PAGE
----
Chapter 5: Extensions of Mendelian Inheritance

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Chapter 5: Extensions of Mendelian Inheritance

Student Learning Objectives

Upon completion of this chapter you should be able to:

    1. Understand the relationship between gene expression and the dominant/recessive
    2. Understand the different patterns of Mendelian inheritance involving single genes and
       how to solve relevant problems.
    3. Recognize how traits can be influenced by the environment.
    4. Differentiate between sex-linked, sex-limited, and sex-influenced patterns of inheritance.
    5. Understand how lethal alleles may result in inheritance patterns with unexpected results.
    6. Recognize how gene interactions, such as epistasis, can alter the predicted 9:3:3:1 ratio of
       a dihybrid cross.

5.1 Overview of Simple Inheritance Patterns


        The first section of this chapter introduces the various patterns of inheritance that involve
single genes. These will be discussed in detail in the remaining sections. At this point, study
Table 5.1 closely to become familiar with all these patterns. It is important to note that pure
Mendelian inheritance is rare. Instead, patterns of inheritance are clouded by many factors,
including the environment and protein function. One of the most important things to consider as
you progress through this chapter is the relationship between the observed inheritance pattern and
its molecular basis. By doing so, you will quickly come to realize that the behavior of the proteins
encoded by genes is the major factor in determining the phenotype of the individual.

Outline of Key Terms

Mendelian inheritance (Simple Mendelian inheritance)

Focal Points

        Types of Mendelian inheritance patterns involving single genes (Table 5.1)

Exercises and Problems

Name the pattern of inheritance based on its description:

_______    1.   The heterozygote's phenotype is intermediate between those of the homozygotes.
_______    2.   The heterozygote has a trait that is more beneficial than either homozygote.
_______    3.   The heterozygote expresses both alleles simultaneously.
_______    4.   The allele has the potential to cause the death of an organism.
_______    5.   The trait occurs in only one of the two sexes.

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5.2 Dominant and Recessive Alleles


          The second section examines two main ideas: 1) what makes an allele dominant or
recessive; and 2) how dominant alleles may not always exert their effects.
          The section opens with a discussion of wild-type and mutant alleles. In some instances,
more than one wild-type allele can occur (Refer to Figure 5.1). This phenomenon is termed
genetic polymorphism (Figure 5.1). In general, recessive alleles are due to mutations that result in
a reduction or loss-of-function of the encoded protein. Dominant alleles, on the other hand, are
most commonly caused by gain-of-function mutations, dominant negative mutations, or
haploinsufficiency. The last part of this section addresses two phenomena that can influence
traits: 1) incomplete penetrance, where an allele that is expected to be expressed is not expressed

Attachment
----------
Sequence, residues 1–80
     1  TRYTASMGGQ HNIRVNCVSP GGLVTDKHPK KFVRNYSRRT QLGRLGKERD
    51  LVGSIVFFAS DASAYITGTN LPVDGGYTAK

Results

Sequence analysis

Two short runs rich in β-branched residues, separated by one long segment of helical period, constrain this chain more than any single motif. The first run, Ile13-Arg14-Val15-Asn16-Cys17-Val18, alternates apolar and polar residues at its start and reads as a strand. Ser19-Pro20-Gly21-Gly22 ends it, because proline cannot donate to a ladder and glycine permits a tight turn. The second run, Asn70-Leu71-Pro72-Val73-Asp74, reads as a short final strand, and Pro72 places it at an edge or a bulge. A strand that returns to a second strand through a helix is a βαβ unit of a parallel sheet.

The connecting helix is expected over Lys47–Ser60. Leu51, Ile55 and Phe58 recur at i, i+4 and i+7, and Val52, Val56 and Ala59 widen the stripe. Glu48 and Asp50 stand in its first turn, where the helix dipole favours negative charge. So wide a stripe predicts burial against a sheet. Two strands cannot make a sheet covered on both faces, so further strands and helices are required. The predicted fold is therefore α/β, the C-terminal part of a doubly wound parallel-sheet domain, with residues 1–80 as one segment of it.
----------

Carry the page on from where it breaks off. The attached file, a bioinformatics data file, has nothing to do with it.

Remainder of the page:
(Figure 5.3); and 2) expressivity, which refers to the degree to which a trait is expressed.

Outline of Key Terms

Wild-type alleles                                      Dominant mutant alleles
   Genetic polymorphism                                    Gain-of-function mutations
Mutant alleles                                             Dominant negative mutations
                                                       Incomplete penetrance

Focal Points

        A comparison of protein levels among various genotypes of flowers (Figure 5.2)
        Polydactyly, a dominant trait that shows incomplete penetrance (Figure 5.3)

Exercises and Problems

For questions 1 to 5, match each of the following to its correct definition.

_____ 1.    Wild-type allele
_____ 2.    Incomplete penetrance
_____ 3.    Dominant negative mutation
_____ 4.    Mutant allele
_____ 5.    Haploinsufficiency

a. These are altered alleles that tend to be rare in natural populations.
b. A heterozygote (with one functional and one inactive allele) exhibits an abnormal phenotype.
c. The protein encoded by the mutant gene acts antagonistically to the normal protein.
d. The dominant phenotype is not expressed even if a dominant allele is present.
e. The most prevalent form of an allele in a population.

                                             - 47 -
5.3 Environmental Effects on Gene Expression


        It is important to note that genes are not the only determinant of an organism's
phenotype. This section discusses three examples: 1) coat color in the arctic fox, which is white in
the winter and brown in the summer (Figure 5.4A); 2) the disease phenylketonuria in humans,
which can be avoided if individuals are diagnosed early and follow a restricted diet free of
phenylalanine (Figure 5.4B); and 3) facet number in the eyes of fruit flies, which can change
based on the temperature, even in genetically-identical individuals (Figure 5.4C).

Outline of Key Terms

Norm of reaction

Focal Points

         Variation in the expression of traits due to environmental effects (Figure 5.4)

Exercises and Problems

Complete the following sentences with the most appropriate word or phrase: